In this paper we examine foreign location choices of the top 100 US multinational corporations (MNCs) in 1980 and 2000. We first ask whether there has been a change in MNC foreign location choice in this two-decade period. Second, we explore the underlying reasons of location change by focusing on country-level factors, accounting for firm-, industry- and regional-level explanations. Our findings suggest, first, that the extent of MNCs' activities around the globe is more extensive than assumed by regionalists' arguments and well beyond Ohmae's TRIAD, but still less widespread than claimed by the globalists – the two main traditions within the globalization–regionalization debate. Second, we uncover an interesting de-location pattern in this period. Third, we develop an integrative framework where both economic and institutional-cultural arguments are shown to influence MNCs' foreign location choice in different ways. We conclude with a discussion of our findings, and provide suggestions for future research. Journal of International Business Studies (2007) 38, 1187–1210. doi:10.1057/palgrave.jibs.8400307
This paper reports data collected on expropriation activity by developing countries from 1980-1992, extending previous work by Kobrin [1984]. Kobrin's assumption that expropriation activity would continue to decrease over time, and his reasons for this assumption, are supported. The paper introduces recent phenomena which further indicate that expropriation is unlikely to resurface in the near future as a source of multinational corporation-developing country contention. Many developing countries now protect foreign direct investors from expropriation. The broad-scale movement in developing countries to privatize state-owned enterprises also indicates that governments will not be eager to replace private-sector activity with state ownership.© 1994 JIBS. Journal of International Business Studies (1994) 25, 177–188
Composite Index of Performance Requirements (PERF) 
Data from the Benchmark Surveys of the Commerce Department show the beginning of a global liberalization in government restrictions on foreign equity in the 1980s. This was manifested in a small but unmistakable across-the-board reduction in the share of 50-50 and minority affiliates out of all U.S. affiliates in a country. Across countries there remains a huge variation in this proportion, and the second part of the paper seeks to statistically explain this variation in a cross-section regression analysis.© 1990 JIBS. Journal of International Business Studies (1990) 21, 55–73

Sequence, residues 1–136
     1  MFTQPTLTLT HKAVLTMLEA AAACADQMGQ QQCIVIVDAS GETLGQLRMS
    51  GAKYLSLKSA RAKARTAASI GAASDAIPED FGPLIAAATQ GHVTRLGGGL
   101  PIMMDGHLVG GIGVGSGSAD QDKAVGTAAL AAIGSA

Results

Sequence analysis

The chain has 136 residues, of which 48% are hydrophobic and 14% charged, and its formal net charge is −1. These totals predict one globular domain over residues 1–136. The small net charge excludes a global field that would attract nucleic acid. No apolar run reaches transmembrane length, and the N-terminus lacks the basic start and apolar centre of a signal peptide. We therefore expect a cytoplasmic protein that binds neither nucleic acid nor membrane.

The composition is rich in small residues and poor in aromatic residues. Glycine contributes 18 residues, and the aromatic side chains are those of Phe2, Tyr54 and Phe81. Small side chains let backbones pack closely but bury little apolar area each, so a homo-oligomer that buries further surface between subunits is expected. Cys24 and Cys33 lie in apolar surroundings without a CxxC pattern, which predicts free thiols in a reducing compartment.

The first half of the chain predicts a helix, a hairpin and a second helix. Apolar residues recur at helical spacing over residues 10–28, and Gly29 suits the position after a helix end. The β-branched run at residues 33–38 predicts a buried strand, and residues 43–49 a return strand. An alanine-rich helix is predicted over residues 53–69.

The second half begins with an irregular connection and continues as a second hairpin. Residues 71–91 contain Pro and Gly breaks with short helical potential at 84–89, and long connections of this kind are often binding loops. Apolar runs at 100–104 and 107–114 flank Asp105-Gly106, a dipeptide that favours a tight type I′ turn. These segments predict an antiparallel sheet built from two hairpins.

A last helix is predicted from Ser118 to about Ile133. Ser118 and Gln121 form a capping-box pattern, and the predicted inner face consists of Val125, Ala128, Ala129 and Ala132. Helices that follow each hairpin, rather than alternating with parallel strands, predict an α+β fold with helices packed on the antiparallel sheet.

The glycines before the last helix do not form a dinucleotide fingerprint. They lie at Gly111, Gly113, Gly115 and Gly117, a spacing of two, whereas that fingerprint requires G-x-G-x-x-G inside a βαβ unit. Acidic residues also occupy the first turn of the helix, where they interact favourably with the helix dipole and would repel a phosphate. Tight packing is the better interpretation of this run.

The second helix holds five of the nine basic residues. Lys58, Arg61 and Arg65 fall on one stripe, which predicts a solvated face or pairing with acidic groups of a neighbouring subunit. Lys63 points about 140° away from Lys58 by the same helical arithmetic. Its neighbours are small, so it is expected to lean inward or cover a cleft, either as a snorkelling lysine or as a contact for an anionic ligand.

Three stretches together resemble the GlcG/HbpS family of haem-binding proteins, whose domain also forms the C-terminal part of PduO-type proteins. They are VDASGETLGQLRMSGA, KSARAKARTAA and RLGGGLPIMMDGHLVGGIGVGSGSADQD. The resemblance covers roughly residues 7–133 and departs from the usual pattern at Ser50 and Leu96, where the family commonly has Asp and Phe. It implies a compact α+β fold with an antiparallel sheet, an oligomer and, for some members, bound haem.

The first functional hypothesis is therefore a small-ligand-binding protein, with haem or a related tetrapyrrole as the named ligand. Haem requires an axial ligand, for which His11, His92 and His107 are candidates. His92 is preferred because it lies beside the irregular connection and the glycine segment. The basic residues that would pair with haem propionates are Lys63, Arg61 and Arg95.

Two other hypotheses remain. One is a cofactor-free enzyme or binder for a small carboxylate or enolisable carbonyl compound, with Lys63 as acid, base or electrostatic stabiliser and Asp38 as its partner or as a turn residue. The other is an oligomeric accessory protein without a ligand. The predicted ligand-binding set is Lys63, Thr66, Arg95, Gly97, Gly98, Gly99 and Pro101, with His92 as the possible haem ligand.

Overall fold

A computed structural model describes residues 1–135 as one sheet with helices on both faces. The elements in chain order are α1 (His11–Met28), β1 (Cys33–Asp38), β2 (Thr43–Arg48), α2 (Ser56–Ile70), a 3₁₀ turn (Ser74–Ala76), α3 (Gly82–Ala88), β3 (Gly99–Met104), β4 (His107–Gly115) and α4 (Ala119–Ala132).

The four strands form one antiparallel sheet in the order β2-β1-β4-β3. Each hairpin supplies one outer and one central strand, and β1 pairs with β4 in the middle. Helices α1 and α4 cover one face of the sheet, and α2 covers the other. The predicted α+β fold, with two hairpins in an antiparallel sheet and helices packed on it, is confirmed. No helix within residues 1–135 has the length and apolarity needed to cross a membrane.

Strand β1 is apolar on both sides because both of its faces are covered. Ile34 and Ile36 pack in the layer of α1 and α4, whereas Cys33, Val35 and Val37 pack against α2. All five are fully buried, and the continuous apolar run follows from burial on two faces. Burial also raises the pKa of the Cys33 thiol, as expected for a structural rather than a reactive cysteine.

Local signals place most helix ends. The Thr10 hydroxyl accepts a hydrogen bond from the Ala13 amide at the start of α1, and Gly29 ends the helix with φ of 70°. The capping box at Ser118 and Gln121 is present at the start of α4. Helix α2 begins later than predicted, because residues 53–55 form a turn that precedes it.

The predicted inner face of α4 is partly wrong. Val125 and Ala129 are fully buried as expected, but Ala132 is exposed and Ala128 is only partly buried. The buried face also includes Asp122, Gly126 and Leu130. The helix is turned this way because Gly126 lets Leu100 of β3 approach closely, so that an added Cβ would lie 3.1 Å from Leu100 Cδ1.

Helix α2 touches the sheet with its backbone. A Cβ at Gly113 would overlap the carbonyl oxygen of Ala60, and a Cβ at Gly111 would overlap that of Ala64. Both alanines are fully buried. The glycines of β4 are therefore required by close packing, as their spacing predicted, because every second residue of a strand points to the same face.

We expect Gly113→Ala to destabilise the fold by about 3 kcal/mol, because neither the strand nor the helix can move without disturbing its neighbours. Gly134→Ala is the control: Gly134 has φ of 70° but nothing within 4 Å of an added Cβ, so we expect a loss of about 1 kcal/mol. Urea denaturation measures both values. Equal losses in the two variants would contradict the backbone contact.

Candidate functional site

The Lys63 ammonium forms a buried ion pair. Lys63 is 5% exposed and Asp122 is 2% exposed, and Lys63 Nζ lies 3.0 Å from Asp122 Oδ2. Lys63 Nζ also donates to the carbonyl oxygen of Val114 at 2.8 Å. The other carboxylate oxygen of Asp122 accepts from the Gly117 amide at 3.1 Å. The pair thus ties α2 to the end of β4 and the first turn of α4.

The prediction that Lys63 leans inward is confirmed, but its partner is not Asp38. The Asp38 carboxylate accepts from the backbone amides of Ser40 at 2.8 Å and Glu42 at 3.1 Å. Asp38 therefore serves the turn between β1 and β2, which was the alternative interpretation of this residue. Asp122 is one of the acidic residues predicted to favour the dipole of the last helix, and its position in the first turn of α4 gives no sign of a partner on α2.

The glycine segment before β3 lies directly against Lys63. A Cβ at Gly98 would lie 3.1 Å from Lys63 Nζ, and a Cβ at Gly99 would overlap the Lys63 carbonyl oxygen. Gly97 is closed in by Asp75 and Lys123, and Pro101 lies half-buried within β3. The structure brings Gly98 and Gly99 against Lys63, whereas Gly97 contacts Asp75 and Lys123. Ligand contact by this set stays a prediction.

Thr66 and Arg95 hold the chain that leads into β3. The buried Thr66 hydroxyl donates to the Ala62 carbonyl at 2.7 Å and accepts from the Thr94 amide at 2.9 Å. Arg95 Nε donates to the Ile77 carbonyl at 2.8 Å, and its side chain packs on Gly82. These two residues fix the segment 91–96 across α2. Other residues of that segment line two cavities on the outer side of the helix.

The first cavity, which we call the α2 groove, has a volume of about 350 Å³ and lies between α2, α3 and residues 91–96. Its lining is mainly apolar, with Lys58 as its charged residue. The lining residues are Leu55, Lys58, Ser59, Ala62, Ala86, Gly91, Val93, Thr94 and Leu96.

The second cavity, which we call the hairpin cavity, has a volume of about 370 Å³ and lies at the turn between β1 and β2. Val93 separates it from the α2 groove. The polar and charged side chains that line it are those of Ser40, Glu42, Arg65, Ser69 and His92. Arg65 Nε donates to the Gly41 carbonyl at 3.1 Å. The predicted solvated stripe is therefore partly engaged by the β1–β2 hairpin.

This paper presents data collected by structured interviews concerning how external environments analysis and strategic planning are related in major U.S.-based multinational corporations. The research was also undertaken to ascertain why and the extent to which firms have formally institutionalized the external environmental functions since the Iranian revolution.© 1984 JIBS. Journal of International Business Studies (1984) 15, 99–108
Much of the current research and teaching in international business and trade is not part of a concerted effort in a given direction. This is the result of a lack of adequate information about what the major issues will be, and a lack of adequate communication between the academic, business and policymaking communities. This article presents the findings of a Delphi study conducted with academicians, business executives, and policymakers involved in international trade. The most crucial issue identified by that research is the current challenge to the multilateral trade frame work. This challenge emanates from such new factors as trade in services, subsidization, high technology transfer, countertrade, and orderly marketing agreements. After discussing these and other newly emerging issues in international business and trade, recommendations are made to encourage a better focus for future research and teaching in the international business and trade arena.© 1986 JIBS. Journal of International Business Studies (1986) 17, 127–134
International trade intermediaries, such as export management companies, have long existed in the United States. Many studies and reports have provided “snapshots” of their activities and roles over time. Their evolution, however, has hardly been researched—mainly for lack of an appropriate dynamic model. This paper integrates various conceptual frameworks and theories to develop a useful mode of the evolution of the U.S. international trade intermediary in the 1980s.© 1990 JIBS. Journal of International Business Studies (1990) 21, 133–153
Binomial logit estimates of likelihood of establishing a tie-in relationship
Cox proportional hazard estimates of forms' rate of exit, 1982-1991 Obs split by productivity
OLS estimates of factors affecting firms' accumulated productivity growth 1982-1991
Although several studies have shown that inward foreign direct investment (FDI) often leads to greater host country productivity, researchers have yet to determine the relative importance of direct technology transfer and competitive pressure. To assess the relative importance of the two channels, we examine the US auto-component industry between 1979 and 1991. During this period, Japanese automobile assemblers began to produce vehicles in North America, and began to purchase inputs from US auto-component manufacturers. Those US manufacturers that sold components to Japanese transplants would be the direct recipients of any technologies transferred from the Japanese. Although we find that the direct investment by Japanese assemblers was associated with overall productivity improvement in the US auto-component industry, we find little evidence of direct technology transfer. The productivity growth of US suppliers affiliated with Japanese assemblers was no greater than that of other, non-affiliated US suppliers. Further, we find that the Japanese assemblers tended to purchase components from less productive US suppliers and, moreover, that low-productivity suppliers that sold goods to Japanese assemblers had a higher survival rate than low-productivity suppliers that did not sell to Japanese firms. The results suggest that increased competitive pressure in the auto-sector was the main cause of overall productivity improvement, at least during the initial stages of FDI of the 1980s. Journal of International Business Studies (2003) 34, 199–218. doi:10.1057/palgrave.jibs.8400017